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In a nutshell.

"So many people from so many worlds, all wanting to go home..."
Razputin, Played by Firock Finion, Season One

"Damn, it's like watching a Saturday morning cartoon on acid!"
Two-Bit, Played by Roman Myth, Season Two
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The Massive Multi-Fandom RPG is a Forum RPG notable for reviving the TV Tropes Forum roleplayer section. The "first season" was started in 2009 by Mint Pearl Voice, but once she disappeared, GM duties were taken over by tropers Nyktös, Te Chameleon, Theoneknownasme, Kaze Koichi, Demovere, and a number of GMs led by Doctor Thunder. The basic plotline was that various characters from alternate dimensions were pulled into a place known simply as "The City", with no way to get back. A gigantic Hourglass dominated the center of the City, and as the days went on, the characters were put through strange scenarios, such as having their ages changed or being forced to burst out into song at random intervals.

Season Two carries a similar premise, with one of the major differences being that the Hourglass is replaced with a really bad pun in the form of a (literal) Xanatos Roulette that doesn't stop spinning. The third and final installment in the trilogy takes place in Extremus, a mysterious composite land located at the edge of The Multiverse.

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While Season Three ended rather abruptly, a continuation called "At Intervals" or "Season 3.5" was started later in an effort to wrap up the plot. Unfortunately, it hasn't received new posts since August 2014 and while the roleplay has not been officially closed, it appears to be all but dead for good.

On a more meta level: in the opinion of several of its GM's, it's a case study of how not to run a forum RP. The general tone of the plotline got steadily darker and darker from the goofiness in the first season, the players obligated to post longer and longer walls of text, until eventually apathy overran the whole thing and it collapsed into a pile of GMs realizing a forum RP was really not the right format for the kind of story they wanted to tell.

Has Character pages for Season 1, Season 2, and Season 3, as well as a Recap page.

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See also City of Lost Characters, its unofficial Spiritual Successor.


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    Tropes common to all seasons 
  • The Artifact: Even as the RP got more dark and serious with time, in-jokey elements such as "the Troper" or Trope-Tans remained, inherited from the wackier and sillier Season 1.
  • Broad Strokes: Applies to Season 1, in part because it was sillier than the other ones (to the point where some players and GM's were embarrassed by it), in part because it got deleted. As a result, while its events did happen canonically (more or less), the exact details are made quite vague. For instance, even if a character had participated in Season 1, you could join one of the later seasons with this character while pretending they never appeared before.
  • Chuck Cunningham Syndrome: Many players left the roleplay in mid-game; sometimes it was handwaved by having them stay in the location or die or something, but often, they just... stop appearing and none of the other characters seem to notice. The worst case was perhaps Season 1's disappearance of Mint Pearl Voice, the game's own creator.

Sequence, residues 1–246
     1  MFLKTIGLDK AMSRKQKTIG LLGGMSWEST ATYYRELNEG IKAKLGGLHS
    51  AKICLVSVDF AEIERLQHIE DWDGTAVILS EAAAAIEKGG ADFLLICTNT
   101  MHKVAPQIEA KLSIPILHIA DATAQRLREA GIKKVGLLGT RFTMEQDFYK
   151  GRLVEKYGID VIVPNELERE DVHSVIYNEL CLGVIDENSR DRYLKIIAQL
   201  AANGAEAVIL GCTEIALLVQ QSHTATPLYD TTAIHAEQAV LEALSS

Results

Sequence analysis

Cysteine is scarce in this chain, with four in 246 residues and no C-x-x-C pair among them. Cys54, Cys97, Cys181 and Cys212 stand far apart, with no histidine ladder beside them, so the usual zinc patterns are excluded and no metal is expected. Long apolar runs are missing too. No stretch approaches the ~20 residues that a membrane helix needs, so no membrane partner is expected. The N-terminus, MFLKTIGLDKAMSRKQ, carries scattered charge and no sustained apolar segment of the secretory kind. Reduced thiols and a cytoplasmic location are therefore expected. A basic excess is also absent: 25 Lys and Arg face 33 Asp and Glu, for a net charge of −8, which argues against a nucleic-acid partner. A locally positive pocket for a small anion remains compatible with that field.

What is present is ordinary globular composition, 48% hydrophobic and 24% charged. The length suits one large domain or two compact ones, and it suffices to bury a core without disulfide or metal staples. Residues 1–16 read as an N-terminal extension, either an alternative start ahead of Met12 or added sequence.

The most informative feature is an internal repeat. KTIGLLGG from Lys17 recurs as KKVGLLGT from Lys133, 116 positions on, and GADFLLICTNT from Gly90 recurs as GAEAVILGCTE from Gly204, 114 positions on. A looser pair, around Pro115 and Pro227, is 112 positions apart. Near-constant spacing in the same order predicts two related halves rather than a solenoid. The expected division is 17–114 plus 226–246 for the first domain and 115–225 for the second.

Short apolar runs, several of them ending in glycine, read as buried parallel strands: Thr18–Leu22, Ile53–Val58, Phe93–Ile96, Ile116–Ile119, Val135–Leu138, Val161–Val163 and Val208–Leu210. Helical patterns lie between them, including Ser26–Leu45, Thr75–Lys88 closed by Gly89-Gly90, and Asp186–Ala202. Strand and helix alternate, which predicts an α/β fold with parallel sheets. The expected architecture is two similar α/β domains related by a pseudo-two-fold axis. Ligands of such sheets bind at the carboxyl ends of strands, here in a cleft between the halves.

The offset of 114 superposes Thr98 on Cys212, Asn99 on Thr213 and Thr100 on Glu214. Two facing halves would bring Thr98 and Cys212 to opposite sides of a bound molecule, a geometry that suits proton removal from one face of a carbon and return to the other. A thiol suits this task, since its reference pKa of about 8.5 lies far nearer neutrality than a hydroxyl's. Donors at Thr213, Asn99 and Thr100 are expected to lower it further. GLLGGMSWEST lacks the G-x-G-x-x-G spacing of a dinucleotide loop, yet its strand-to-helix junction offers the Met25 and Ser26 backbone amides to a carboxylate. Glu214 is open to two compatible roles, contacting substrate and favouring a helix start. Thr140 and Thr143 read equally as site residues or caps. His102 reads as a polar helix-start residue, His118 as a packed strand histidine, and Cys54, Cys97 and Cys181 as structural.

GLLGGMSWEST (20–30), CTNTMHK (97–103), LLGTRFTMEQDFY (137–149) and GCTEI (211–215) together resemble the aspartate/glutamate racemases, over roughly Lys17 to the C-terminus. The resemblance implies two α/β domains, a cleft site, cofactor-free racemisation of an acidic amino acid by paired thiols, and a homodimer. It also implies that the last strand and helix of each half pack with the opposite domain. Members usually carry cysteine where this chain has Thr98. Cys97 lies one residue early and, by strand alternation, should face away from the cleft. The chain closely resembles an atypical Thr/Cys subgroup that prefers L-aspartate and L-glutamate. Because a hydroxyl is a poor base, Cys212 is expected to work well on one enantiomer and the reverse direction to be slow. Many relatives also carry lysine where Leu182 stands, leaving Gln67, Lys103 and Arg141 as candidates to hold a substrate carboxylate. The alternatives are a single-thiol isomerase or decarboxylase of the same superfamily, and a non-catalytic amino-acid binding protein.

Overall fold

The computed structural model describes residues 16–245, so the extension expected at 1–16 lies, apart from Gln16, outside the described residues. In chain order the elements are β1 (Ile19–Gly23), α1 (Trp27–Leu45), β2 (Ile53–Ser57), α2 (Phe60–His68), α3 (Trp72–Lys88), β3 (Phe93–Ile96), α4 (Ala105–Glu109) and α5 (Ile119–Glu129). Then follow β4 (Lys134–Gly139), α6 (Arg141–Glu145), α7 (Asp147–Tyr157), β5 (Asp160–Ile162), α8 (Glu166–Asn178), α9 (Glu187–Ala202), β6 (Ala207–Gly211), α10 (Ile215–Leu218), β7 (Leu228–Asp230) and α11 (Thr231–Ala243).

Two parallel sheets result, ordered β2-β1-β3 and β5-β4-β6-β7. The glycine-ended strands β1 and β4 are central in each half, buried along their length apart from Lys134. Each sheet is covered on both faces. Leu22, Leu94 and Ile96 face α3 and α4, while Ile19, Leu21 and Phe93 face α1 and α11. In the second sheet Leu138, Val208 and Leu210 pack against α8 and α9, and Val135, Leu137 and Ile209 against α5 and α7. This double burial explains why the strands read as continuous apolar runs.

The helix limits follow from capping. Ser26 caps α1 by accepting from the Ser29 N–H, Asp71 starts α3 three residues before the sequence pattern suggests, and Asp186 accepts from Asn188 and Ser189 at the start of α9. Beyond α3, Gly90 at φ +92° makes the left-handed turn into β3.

• Cerebus Syndrome: The series as a whole has gotten more and more serious and dark with each incarnation. Season One began as a very silly and chaotic light-hearted crossover. By Season Three the players are stuck in a bleak, post-apocalyptic world, while the backstory involves a threat that can destroy entire universes.
  • Continuity Lockout: Both for each individual season, and for the series as a whole:
    • Season 1 was already big: at one point, it was over 600 pages and 16,000+ posts and growing. Seasons 2 and 3 grew even more convoluted. Beyond a certain point, nobody really expected the new players to read through the entire game thread so far, just to read the last few pages and the recap (always horribly out-of-date) to get a vague idea of what's going on.
    • A lot of elements from Season 1 and 2 play a major role in Season 3. It got to the point that one of the purposes of the discussion thread was having a platform to explain the horribly referential plot.
  • Doorstopper: As mentioned in Continuity Lockout above, these threads are big. The Season Two thread in particular has nearly sixty thousand posts, which means (and this is a conservative estimate) about five million words.
  • Exactly What It Says on the Tin: The title may not be the most imaginative, but it sums up the premise well: it's a RP game which involves a massive conglomeration of elements from multiple fandoms.
  • Mega Crossover: The premise of the roleplay. Season 1 alone involves player characters from about 90 different fictional universes, including such disparate ones as Discworld, Mahou Sensei Negima!, World of Warcraft, The Fairly Oddparents, Halo, Conan the Barbarian...
  • Translator Microbes: All the characters can understand each other perfectly, despite coming from different worlds. However, this effect doesn't actually change what speech or writing sounds/looks like. Season 3's Ezio (who comes from the 12th century) shows us that even with these, communication can be quite confusing across various cultures and time periods of origin: when Oswald introduces himself as a "cartoon", Ezio understands this as "moving picture", and needs some time to associate the word "gun" with medieval firearms.
  • Webcomic Time: Each season is divided into "days", but each "day" inevitably takes a lot longer in real life. For example, Season 1 needed 15 real-life months to reach Day 13.

    Season One Tropes 
  • Absurdly Spacious Sewer: The sewers in the City are spacious enough to drive a car through them, which Fiddy does on Day 10.
  • Action Duo:
    • Max (of the Sam and Max duo) and Spriggan for some time in the Exactor, when the former uses his Jedi power to hurl frag grenades tossed near him against Dark Troopers.